Franciscan University of Steubenville celebrated the Triduum with many liturgies and celebrations that brought students, faculty and families into communion with Christ’s Passion, death and Resurrection. From Holy Thursday to Easter Sunday, participants brought themselves before the Lord in prayer, sacraments and fellowship.
The Rev. Gregory Plow, TOR, celebrated campus-wide mass in the Finnegan Fieldhouse at 7:30 p.m.
During the liturgy, 12 men had their feet washed to remember the washing of the disciple’s feet. Included in the group were students and professors. In Plow’s homily, he asked, “Are Christians willing to let the Lord wash their feet?”
Jennifer Schendel, freshman psychology major, appreciated the insight she gained from Plow’s homily. Schendel said she was “surprised” when Plow mentioned it was harder for the disciples to let Jesus wash their feet than it was for them to accept the Eucharist. “I had never noticed that before and it made me appreciate the Gospel even more,” said Schendel.
After mass, Plow led a candlelit procession, carrying the Blessed Sacrament to a high altar set up in Christ the King Chapel. Adoration was held until 11 p.m., allowing people to have a time of silence and prayer as the Triduum began.
Students, families and faculty gathered in Christ the King Chapel at 9 a.m. to witness the Living Stations, a Passion play presented by students of Franciscan University.
At noon, Communion and Liberation hosted a prayer service called The Way of the Cross. The attendees walked behind the Crucifix in a procession around campus, stopping at four stations set up with microphones and speakers.
Beginning with prayer, song and a meditation, each station focused on Christ’s Passion and the faith of the Blessed Mother. The procession ended at Christ the King Chapel by 2 p.m.
Promptly at 3 p.m. in the Finnegan Fieldhouse, the celebration of the Lord’s Passion commenced. Lasting until 5 p.m., the service included its annual, highly-anticipated traditions of a sung Gospel reading and veneration of the cross by catechumens, consecrated religious men and women, altar servers and clergy. The Rev. Jonathan McElhone, TOR, led the Good Friday Eucharistic service.
Throughout the day, campus was still and very quiet, as many students and clergy spent time in prayer, fasting or peaceful recreation.
Coming together to celebrate the Resurrection, students, families and faculty packed the Finnegan Fieldhouse starting at 7:30 p.m. when the doors opened. At 8:45 p.m. the Rev. Shawn Roberson, TOR, began the liturgy with the blessing and lighting of the Easter candle. From its flame, each member of the congregation lit their own candle, illuminating the dark Fieldhouse in the first few minutes of prayer.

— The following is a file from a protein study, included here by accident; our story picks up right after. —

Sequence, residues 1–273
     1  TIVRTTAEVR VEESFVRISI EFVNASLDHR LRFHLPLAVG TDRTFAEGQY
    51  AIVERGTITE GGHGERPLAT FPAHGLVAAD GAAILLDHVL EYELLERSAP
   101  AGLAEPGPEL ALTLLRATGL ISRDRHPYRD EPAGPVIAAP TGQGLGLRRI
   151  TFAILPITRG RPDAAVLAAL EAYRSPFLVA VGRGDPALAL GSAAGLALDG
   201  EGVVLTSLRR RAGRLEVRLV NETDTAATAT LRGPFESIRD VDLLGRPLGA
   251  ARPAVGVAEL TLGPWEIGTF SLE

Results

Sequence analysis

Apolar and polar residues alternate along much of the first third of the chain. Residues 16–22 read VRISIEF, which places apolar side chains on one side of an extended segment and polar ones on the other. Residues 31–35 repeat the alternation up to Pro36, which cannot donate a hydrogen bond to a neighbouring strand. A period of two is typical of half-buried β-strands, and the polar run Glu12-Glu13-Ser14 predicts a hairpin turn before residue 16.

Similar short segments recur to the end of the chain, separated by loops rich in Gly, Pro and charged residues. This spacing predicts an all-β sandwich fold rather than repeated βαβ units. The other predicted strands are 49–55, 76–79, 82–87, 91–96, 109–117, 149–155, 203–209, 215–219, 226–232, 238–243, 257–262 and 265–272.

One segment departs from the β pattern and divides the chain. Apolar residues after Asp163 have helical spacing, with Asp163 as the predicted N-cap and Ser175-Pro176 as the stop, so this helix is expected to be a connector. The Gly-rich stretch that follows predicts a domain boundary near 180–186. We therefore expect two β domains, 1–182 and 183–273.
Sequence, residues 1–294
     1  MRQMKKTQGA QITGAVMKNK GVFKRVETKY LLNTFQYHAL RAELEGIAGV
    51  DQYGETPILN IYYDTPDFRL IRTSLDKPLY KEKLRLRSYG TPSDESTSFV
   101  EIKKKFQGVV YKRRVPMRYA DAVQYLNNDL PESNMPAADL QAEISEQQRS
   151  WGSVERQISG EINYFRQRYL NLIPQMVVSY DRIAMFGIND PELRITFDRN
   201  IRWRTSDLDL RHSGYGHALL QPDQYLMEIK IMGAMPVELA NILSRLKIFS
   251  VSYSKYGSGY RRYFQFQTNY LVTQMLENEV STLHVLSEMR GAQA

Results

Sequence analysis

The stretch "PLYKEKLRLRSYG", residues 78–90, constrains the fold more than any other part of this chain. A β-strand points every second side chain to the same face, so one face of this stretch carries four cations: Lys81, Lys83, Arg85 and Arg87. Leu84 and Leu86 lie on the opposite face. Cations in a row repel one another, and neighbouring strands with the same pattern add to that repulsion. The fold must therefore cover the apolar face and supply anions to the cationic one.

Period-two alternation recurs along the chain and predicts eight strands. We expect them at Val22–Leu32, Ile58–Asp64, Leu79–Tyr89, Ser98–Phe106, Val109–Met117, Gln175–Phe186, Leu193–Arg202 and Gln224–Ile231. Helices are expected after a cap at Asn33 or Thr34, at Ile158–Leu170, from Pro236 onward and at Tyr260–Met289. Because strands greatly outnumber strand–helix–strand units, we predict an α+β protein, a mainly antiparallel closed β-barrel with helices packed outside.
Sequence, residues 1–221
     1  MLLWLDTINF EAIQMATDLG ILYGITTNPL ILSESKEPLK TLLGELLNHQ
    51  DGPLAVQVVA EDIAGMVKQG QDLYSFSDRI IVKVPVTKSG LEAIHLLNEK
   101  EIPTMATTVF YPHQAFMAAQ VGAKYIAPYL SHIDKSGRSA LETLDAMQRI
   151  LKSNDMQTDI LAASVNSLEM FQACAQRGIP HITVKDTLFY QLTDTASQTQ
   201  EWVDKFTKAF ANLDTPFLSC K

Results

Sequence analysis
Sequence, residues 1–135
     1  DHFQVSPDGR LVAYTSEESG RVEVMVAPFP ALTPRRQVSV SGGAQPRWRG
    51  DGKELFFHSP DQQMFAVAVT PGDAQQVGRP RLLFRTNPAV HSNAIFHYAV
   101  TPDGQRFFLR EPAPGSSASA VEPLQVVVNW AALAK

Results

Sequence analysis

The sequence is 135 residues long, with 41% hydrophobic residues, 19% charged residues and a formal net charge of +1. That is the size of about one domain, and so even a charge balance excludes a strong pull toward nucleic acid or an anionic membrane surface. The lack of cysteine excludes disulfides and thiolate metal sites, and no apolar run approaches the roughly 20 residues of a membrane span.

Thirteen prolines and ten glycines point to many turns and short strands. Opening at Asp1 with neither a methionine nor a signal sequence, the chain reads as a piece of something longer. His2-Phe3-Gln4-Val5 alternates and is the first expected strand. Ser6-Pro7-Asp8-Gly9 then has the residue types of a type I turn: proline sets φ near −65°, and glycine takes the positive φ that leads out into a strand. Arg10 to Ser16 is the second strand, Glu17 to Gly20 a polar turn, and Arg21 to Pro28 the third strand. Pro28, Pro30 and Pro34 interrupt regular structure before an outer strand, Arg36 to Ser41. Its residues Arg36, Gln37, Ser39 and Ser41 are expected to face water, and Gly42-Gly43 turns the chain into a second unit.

Many readings and psalms told the story of creation and salvation history, leading up to the gospel of the Resurrection. Before the gospel was read, the music ministry team led the “Alleluia,” bringing smiles to almost every face and joy to every heart that praised the Lord.
Following Roberson’s homily, Rites of Christian Initiation brought seven new members into the Catholic Church. Three students were baptized and then entered the Church by receiving the sacraments of Confirmation and first Holy Communion.
Applause and cheers provided a resounding welcome for those who completed their sacraments of initiation. From the congregation, a young girl also received her first Communion, dressed and veiled in white.
Meghan Rajkowski, sophomore psychology major, said she liked the lights in the Fieldhouse “because it’s like Jesus’ light after the darkness of Good Friday.” Rajkowski said the Triduum liturgies are special because “all the preparation of Lent leads to the Resurrection and the joy that comes with the Easter season.”
Reputably the “best party of the year,” the Resurrection Party included live music, dancing, food, desserts and joyous celebration until 4 a.m. on Sunday morning. Those volunteering to work the event wore bright pink t-shirts that read in capital letters, “Jesus is alive. Time to party.”
Students, faculty, clergy and visiting families clearly enjoyed the party, as many stayed up late eating food and dancing all night long. Included in the party was a balloon drop, a donut room, pizza, a conga line, ice cream and popsicles.